Canada's Food Price Report 2020
Canada’s Food Price Report marks 10 years of helping consumers understand their annual grocery bill
2020 report forecasts 2 to 4% increase in food prices for Canadian families
Halifax — The 10th annual edition of Canada’s Food Price Report forecasts a 2 to 4% increase in food prices in 2020, bringing the predicted annual cost of food for the average Canadian family to $12,667, an increase of $487 over 2019.
Canada’s Food Price Report 2020 is released jointly by Dalhousie University and the University of Guelph. Predictions are made using historical data sources, machine learning algorithms, and predictive analytics tools developed over many years.
Last year’s forecast for annual food spending by the average Canadian family is expected to come within $23. “We were surprised by how accurate our forecast was, despite vegetable prices going up by 12% rather than the predicted 4 to 6%. Forecasting is not easy, and we have learned from our successes and failures over the last 10 years,” says Dalhousie Project Lead Sylvain Charlebois, Professor in the Faculties of Management and Agriculture. “Food inflation is desirable, but when prices increase quickly families can be left behind.”
“Canadians deserve to know more about price changes in the food they consume and how those changes will impact them,” adds Dalhousie researcher Eamonn McGuinty. “This year, the Report reiterates the key headlines impacting food prices for Canadians: climate change, geopolitical conflicts, single-use plastic packaging, the effect of increasingly protectionist trade environments on Canada’s exports, disease outbreaks, and the ongoing technological disruption of the supply chain giving rise to more customizable and tailored food options."
The report’s authors forecast the following price changes for 2020, with meat in particular forecast to go up in price by 4 to 6% despite Canadians’ increasing interest in plant-based protein options.
|Food Categories||Anticipated Changes (%)|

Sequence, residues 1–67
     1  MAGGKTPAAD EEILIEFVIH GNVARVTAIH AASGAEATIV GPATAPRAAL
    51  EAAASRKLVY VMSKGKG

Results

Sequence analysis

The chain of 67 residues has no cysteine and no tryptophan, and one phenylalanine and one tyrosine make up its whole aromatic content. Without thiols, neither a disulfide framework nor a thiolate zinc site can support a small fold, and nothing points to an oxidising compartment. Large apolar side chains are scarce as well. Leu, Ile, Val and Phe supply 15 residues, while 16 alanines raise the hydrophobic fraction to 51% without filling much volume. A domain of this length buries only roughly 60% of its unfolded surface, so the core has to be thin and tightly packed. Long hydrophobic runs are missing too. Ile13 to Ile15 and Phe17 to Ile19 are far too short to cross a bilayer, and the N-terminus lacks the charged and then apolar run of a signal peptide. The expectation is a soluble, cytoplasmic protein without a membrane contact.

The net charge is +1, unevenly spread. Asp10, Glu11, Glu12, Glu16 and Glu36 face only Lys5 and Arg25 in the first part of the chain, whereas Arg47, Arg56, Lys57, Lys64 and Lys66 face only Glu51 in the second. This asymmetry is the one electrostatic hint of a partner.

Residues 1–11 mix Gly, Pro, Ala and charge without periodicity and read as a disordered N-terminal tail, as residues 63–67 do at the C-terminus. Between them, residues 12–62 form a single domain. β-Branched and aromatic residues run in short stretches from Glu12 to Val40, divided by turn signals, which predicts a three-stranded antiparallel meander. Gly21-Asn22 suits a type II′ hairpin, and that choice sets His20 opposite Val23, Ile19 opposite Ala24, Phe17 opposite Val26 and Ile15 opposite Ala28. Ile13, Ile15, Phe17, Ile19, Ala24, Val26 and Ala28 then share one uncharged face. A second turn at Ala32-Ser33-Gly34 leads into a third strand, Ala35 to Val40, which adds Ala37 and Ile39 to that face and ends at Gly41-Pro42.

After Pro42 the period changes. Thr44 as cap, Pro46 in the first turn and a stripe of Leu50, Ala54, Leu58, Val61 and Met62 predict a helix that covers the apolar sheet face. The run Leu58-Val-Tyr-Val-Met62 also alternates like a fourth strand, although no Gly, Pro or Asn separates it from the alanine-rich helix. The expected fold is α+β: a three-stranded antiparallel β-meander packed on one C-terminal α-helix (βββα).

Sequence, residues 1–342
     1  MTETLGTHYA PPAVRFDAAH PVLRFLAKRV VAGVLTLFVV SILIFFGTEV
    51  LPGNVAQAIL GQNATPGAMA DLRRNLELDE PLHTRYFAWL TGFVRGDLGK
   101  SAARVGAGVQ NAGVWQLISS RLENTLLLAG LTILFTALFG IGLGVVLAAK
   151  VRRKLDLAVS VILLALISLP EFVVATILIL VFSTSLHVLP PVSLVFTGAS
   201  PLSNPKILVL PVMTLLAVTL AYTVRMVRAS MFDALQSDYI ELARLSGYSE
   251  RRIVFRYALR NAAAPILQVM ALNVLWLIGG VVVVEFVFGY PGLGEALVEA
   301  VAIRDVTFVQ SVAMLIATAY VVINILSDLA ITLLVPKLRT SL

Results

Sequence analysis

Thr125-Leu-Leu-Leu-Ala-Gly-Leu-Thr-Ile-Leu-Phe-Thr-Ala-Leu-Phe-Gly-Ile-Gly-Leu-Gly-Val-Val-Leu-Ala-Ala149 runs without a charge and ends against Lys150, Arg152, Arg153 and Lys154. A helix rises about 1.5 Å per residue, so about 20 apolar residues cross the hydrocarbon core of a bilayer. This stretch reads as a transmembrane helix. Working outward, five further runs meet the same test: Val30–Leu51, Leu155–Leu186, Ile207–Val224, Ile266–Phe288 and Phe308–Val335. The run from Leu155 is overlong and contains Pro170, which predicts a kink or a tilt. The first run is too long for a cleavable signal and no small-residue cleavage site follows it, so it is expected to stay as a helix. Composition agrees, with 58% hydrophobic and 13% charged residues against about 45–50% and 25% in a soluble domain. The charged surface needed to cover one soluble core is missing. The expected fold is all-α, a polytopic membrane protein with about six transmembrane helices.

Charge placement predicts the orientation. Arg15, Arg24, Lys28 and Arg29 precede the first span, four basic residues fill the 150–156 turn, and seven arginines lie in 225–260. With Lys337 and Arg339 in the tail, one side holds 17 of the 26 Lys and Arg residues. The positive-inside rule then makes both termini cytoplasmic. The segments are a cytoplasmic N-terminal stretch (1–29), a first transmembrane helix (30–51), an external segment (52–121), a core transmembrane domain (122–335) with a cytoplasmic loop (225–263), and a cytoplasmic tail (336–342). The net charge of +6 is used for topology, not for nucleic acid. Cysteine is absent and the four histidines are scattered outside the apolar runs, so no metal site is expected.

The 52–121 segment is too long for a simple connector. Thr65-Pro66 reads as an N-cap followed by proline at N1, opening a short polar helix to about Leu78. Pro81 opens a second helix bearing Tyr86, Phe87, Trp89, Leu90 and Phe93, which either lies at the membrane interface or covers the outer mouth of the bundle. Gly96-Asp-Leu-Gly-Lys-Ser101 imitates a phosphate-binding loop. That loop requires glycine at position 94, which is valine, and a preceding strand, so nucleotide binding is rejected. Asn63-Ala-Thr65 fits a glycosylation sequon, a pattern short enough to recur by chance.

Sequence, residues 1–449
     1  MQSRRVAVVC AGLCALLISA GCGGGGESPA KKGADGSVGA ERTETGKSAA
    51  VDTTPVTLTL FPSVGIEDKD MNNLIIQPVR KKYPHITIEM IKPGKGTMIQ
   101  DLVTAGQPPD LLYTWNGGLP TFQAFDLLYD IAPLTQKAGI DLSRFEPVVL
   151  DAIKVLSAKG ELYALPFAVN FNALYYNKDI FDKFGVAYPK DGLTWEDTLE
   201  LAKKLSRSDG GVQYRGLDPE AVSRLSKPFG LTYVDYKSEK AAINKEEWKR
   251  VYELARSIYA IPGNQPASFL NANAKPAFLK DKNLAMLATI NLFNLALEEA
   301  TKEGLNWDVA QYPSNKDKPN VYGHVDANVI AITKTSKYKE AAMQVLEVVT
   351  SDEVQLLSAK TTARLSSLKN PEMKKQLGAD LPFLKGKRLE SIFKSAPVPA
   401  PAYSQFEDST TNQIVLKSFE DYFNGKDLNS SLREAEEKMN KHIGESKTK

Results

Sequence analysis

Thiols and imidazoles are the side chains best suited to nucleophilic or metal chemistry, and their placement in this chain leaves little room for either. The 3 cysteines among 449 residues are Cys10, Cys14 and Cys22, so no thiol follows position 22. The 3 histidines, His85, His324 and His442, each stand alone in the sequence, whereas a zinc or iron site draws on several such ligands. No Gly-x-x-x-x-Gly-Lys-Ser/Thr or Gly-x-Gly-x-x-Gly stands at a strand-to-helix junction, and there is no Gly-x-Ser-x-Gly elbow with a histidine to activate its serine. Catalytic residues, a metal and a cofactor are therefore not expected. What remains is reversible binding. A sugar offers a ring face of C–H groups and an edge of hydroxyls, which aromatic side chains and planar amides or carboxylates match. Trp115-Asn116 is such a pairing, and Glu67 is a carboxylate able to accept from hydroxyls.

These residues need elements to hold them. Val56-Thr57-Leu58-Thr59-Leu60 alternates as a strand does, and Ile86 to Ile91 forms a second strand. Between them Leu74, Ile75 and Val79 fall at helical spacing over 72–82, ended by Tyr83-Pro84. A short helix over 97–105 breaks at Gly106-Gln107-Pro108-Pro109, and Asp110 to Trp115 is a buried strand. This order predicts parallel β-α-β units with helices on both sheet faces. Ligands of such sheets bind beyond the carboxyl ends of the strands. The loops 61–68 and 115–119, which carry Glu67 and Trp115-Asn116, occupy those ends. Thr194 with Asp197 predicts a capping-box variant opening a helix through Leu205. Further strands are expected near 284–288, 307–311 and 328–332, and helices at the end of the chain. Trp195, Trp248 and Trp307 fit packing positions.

|Bakery||0% - 2%|
|Dairy||1% - 3%|
|Fruits||1.5% - 3.5%|
|Meat||4% - 6%|
|Restaurants||2% - 4%|
|Seafood||2% - 4%|
|Vegetables||2% - 4%|
|Other||2% - 4%|
|Total Increase in Food Prices||2% - 4%|
What do these forecasts mean for Canadian families struggling to afford healthy food? “Already, one in eight Canadian households is food insecure,” says Guelph Project Lead Simon Somogyi of the Gordon S. Lang School of Business and Economics. “With wage growth stagnant, Canadians aren’t making more money, but they still have to eat. The ever-increasing use of food banks across the country is an example of how Canadians can’t afford to put food on their plates.”Food price increases in 2020 in British Columbia, Manitoba, Quebec, and Prince Edward Island are expected to exceed the national average, while price increases in Alberta, Saskatchewan, New Brunswick, and Nova Scotia are expected to be lower than the national average. The cost of food in Ontario and Newfoundland and Labrador is likely to align with the national average.
There are opportunities to mitigate costs over the longer term in spite of the challenges facing Canada’s food price landscape. “Our own new food guide is encouraging Canadians to eat more vegetables,” says Charlebois. “Increasing the quantity of vegetables and fruits we produce domestically would be a great start.” This means food policy in Canada needs to support strategies to grow vegetables and fruit all year round, not just in warmer months, including subsidies for indoor and greenhouse farming and funding for research and development into food plant breeds that grow well indoors. In addition, Canada can fill a leadership gap by developing alternatives to single-use plastic materials, legislating plastic use, and implementing tax regimes that encourage producer responsibility.
This year’s research team also included Dalhousie University colleagues Vlado Keselj (Faculty of Computer Science), Janet Music (Agri-Food Analytics Lab), Andrea Giusto (Department of Economics), and Don Fiander (DalAnalytics). They were joined by Joon Son (IBM Canada), Hyejung (Cathy) Bae and Emon Majumder (Applied Research, Nova Scotia Community College), and Jay Harris (Schulich School of Business, York University). University of Guelph researchers included Erna Van Duren and Francis Tapon (Gordon S. Lang School of Business and Economics), Paul Uys (Ontario Agricultural College), Jess Haines (Family Relations and Applied Nutrition), and Graham Taylor and Alexander Moksyakov (School of Engineering).
Sylvain Charlebois, Senior Director
Agri-Food Analytics Lab
Faculty of Agriculture, Dalhousie University
Janet Music, Research Program Coordinator
Agri-Food Analytics Lab
Faculty of Management, Dalhousie University